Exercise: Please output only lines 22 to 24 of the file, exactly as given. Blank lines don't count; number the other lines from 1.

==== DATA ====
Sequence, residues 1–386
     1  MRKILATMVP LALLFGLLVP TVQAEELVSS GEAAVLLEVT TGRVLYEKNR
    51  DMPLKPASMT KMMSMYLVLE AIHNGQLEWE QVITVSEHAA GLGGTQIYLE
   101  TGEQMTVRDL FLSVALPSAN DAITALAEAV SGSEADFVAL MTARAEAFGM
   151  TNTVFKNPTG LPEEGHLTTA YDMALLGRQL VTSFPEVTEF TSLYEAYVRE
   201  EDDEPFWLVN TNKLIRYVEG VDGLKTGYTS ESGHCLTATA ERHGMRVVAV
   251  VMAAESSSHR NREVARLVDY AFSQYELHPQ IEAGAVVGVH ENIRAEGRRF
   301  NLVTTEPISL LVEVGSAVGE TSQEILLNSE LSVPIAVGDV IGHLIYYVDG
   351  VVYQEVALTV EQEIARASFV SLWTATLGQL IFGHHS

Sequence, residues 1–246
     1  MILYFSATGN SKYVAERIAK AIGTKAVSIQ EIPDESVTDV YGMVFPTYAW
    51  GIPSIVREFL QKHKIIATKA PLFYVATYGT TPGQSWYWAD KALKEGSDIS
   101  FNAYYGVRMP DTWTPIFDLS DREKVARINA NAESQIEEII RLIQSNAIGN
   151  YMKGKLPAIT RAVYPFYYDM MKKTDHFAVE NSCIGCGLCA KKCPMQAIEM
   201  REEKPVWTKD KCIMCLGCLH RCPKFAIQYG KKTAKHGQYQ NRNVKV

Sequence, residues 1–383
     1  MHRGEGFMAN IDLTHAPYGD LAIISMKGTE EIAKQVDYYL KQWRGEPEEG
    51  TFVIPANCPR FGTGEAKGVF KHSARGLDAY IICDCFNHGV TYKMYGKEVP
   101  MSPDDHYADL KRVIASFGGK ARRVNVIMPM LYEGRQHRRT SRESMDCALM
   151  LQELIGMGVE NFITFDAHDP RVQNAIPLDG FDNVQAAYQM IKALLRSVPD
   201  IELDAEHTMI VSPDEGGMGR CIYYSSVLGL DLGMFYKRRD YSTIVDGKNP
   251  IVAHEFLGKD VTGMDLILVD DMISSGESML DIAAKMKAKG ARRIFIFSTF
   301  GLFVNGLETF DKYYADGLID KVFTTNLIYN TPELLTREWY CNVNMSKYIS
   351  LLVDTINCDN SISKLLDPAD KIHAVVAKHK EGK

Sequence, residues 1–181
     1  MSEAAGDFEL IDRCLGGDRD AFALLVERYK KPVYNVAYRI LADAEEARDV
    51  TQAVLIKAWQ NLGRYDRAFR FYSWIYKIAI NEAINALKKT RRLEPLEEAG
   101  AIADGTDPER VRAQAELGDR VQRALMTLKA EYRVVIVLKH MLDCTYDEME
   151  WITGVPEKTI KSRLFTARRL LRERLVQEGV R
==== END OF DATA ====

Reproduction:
   251  IVAHEFLGKD VTGMDLILVD DMISSGESML DIAAKMKAKG ARRIFIFSTF
   301  GLFVNGLETF DKYYADGLID KVFTTNLIYN TPELLTREWY CNVNMSKYIS
   351  LLVDTINCDN SISKLLDPAD KIHAVVAKHK EGK